Steamboat Springs The owner of the popular coffee spot Mocha Molly's has taken away her tables and chairs at the Old Town Square shopping center on Lincoln Avenue. It wasn't unruly dogs that prompted the latest move, but unruly transients.
"We're having a huge problem with a gang of homeless kids," said Teri Shewchuck, owner of Mocha Molly's. "A few inconsiderate customers have ruined it for everyone."
Shewchuck had been under pressure from other shop owners concerning a problem with unleashed dogs bothering customers and leaving behind nasty signs.
But in the end, it was a small group of transients that drove Shewchuck to the brink.
Shewchuck said a small group of the transients got to the point where they were making the shop and the small square their home.
"We've got a free computer and phone set up. They drink a lot of water in Mocha Molly's cups, but I think they've gone past that," Shewchuck said. "They've been confrontational with some of the other shop owners."
The owner of Felix and Fido's next door confirmed she had to call police after a group of the transient youths wouldn't quit singing outside her store.
"This is a business place, not a park," said Felix and Fido owner Jennifer Wilson. "Having this amphitheater-like situation, it was very annoying." Not to mention it was bad singing, Wilson said.
Young fans of Mocha Molly's were disappointed to see the table and chairs disappear from outside but don't really blame the owner.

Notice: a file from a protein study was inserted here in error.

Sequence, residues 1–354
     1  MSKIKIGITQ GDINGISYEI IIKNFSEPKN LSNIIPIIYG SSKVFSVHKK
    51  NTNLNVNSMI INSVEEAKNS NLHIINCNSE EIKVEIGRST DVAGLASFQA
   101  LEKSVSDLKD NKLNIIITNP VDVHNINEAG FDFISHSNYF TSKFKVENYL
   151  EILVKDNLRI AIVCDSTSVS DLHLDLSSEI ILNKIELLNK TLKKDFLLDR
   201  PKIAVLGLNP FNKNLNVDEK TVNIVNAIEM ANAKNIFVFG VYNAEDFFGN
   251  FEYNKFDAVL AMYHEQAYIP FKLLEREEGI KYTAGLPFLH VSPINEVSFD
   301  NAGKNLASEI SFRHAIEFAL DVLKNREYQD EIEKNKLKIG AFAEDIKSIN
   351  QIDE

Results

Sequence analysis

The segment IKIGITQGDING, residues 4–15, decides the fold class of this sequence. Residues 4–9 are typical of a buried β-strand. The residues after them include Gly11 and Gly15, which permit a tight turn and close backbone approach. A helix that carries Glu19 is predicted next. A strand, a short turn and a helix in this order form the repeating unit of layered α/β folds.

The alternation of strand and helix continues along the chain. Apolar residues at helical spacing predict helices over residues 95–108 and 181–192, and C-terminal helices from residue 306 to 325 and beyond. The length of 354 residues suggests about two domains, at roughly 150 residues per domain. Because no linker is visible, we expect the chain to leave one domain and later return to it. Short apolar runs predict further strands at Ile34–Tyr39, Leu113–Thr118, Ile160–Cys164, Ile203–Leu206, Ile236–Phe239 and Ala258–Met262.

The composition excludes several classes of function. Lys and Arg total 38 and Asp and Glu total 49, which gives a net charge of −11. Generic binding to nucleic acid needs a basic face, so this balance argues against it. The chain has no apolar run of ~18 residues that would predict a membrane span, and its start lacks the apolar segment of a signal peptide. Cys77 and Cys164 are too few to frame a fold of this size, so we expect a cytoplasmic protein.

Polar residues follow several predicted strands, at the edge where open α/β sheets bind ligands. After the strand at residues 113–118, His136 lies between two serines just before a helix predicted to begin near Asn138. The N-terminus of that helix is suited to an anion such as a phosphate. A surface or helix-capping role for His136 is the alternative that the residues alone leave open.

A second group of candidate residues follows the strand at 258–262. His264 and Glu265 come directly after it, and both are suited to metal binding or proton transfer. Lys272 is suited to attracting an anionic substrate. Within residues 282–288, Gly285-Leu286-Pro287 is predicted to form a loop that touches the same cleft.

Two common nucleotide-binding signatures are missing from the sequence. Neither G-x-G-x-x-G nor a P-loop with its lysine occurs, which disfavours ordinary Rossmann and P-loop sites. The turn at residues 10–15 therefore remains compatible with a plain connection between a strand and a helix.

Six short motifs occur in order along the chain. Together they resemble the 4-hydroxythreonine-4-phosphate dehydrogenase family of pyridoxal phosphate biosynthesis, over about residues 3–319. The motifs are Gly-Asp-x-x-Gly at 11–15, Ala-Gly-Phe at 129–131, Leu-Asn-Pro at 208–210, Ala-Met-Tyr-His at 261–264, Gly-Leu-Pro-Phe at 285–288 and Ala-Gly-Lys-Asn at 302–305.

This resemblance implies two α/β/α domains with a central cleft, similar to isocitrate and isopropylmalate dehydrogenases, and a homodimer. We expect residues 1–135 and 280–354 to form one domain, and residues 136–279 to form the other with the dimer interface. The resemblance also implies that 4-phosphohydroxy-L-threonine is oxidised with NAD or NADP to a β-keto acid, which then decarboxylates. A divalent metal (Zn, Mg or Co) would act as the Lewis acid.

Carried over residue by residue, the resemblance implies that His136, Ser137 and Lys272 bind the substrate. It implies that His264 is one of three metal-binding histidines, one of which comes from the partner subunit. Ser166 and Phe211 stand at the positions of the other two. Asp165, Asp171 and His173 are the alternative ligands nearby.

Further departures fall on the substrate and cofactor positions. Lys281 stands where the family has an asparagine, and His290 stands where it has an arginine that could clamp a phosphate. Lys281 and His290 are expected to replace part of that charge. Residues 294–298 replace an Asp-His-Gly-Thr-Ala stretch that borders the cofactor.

"It's not her fault she has awesome coffee," resident Dutch Dolan said. "It's the only place to come."
"They were taking a little advantage," added his friend Ryan. "Some people come here and hang out all day. I saw someone on the phone for three hours," he said.
Chairs or no chairs, Dolan and his friends plan to keep coming to the coffee shop before work.
That's the kind of customer Shewchuck wants, but she hopes removing the tables and chairs will deter those who have been "camping out."
Customer Arthur Higbee, a life-time Steamboat resident, said he supports Shewchuck's decision as long as it is not prejudicial.
"If the other business owners are giving her grief, I'm all for her decision. But just because you look scruffy and don't have a penny doesn't mean you don't have the right to be here," Higbee said.
But Old Town Square is private property, not a park, reminded Wilson.
"There are beautiful places by the river with peace and quite and running water," Wilson said. "Why do they sit here when they're not even buying coffee to drink?"
Resident January Zaledzieski said she knows the answer to that.
"It's common ground for everyone. Somewhere to hang out and relax," Zaledzieski said.
Shewchuck and her regular customers admit they have always been treated respectfully by the transients.
"They don't bother me," said customer Clayton Osbourne. "I'm not intimidated by them, but visitors might find it different."
Shewchuck she doesn't want to be unkind but is tired of cleaning up after them every day.
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